Loans are often made to highly motivated entrepreneurs, like house cleaners, landscapers, seamstresses and shop owners who are simply trying to support their families. Accion approves 90 percent of these loans, said Mason.
One client is the husband and wife team of Jesse and Tess Brown. In order to get a fresh start, the long-term New York residents relocated to San Diego. Balking at the low-wage jobs available in San Diego’s food and hospitality industry, the experienced restaurant professionals started a catering business from their apartment. A subsequent bad restaurant deal proved to be fiasco.
They faced a predicament common to most start-ups. Without an established track record or tangible assets, the Browns struggled to secure financing that would enable them to expand their business beyond the kitchen table. In need of capital, they turned to Accion after other banks denied their loan applications.
Although the bid to salvage the restaurant failed, their catering service continues to do well. They also opened a high-end chocolate shop that serves double duty as a meeting place for new catering clients and for walk-in customers with a sweet tooth.
Jesse Brown admits he’ll have to make a lot of chocolate before the ritzy retail space turns a profit. But he doesn’t regret the decision to become self-employed. “For myself, I’d go to almost any length to continue doing it,” he said.
The goal at Accion is to put businesses like the Browns’ on the path towards viability. Instead of treating cash-strapped entrepreneurs like credit pariahs, Accion envisions business ventures with employees and assets.
“We’re looking to build a long-term relationship with Accion,” said Brown. So far they’ve borrowed 10,000 dollars and have partially repaid the loans that enabled them to cover their expenses.
Still, it’s a small amount compared to what they need to expand their enterprise. Brown points in frustration to his two stirring machines. “People have approached me with orders in the magnitude of the tens of thousands, [but] our business has nowhere near that capacity,” he said.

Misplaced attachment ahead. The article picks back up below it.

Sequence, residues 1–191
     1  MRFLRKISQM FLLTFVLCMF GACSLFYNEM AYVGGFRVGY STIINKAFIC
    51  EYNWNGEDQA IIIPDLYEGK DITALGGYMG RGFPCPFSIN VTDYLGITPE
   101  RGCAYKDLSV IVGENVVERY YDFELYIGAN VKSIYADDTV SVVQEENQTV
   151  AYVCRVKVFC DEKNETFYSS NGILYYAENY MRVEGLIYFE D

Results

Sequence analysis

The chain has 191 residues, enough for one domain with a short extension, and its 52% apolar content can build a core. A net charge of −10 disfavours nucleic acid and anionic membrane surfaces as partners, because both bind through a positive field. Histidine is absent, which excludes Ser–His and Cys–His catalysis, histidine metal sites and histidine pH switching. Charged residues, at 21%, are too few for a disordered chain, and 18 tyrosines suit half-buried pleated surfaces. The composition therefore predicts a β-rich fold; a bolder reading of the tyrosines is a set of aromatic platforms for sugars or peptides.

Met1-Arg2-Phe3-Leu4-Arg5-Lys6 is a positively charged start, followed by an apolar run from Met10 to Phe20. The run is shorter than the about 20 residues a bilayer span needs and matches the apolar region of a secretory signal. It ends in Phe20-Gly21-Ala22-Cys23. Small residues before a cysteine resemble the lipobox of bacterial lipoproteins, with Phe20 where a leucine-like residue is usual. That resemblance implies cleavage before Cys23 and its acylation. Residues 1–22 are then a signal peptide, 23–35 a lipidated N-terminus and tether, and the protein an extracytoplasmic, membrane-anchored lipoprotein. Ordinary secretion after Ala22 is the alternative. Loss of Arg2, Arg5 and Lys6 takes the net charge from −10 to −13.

Designed to combat poverty in developing countries, micro-lending is gaining greater awareness in the United States, especially among high-tech mandarins willing to do something altruistic with their wealth in a manner that favours giving a hand-up rather than a handout.
For example, the Bill and Melinda Gates foundation recently awarded 5.8 million dollars to Accion International for projects in India and Africa, the largest such grant in Accion’s 45-year history.
On Nov. 12, 2,000 delegates from 100 countries will gather in Halifax, Canada to discuss the future of micro-financing in the developing world, with the stated goal of lifting 175 million of the world’s poorest families out of grinding poverty by 2015.
This year, Muhammad Yunus and his Grameen Bank were awarded the Nobel Peace Prize for pioneering micro-lending programmes that have been emulated worldwide.
Translating those achievements to U.S. markets is like “comparing apples to oranges”, said Mason. But she acknowledges there is something universal in their goals: “We’re making a difference for people who don’t have money.”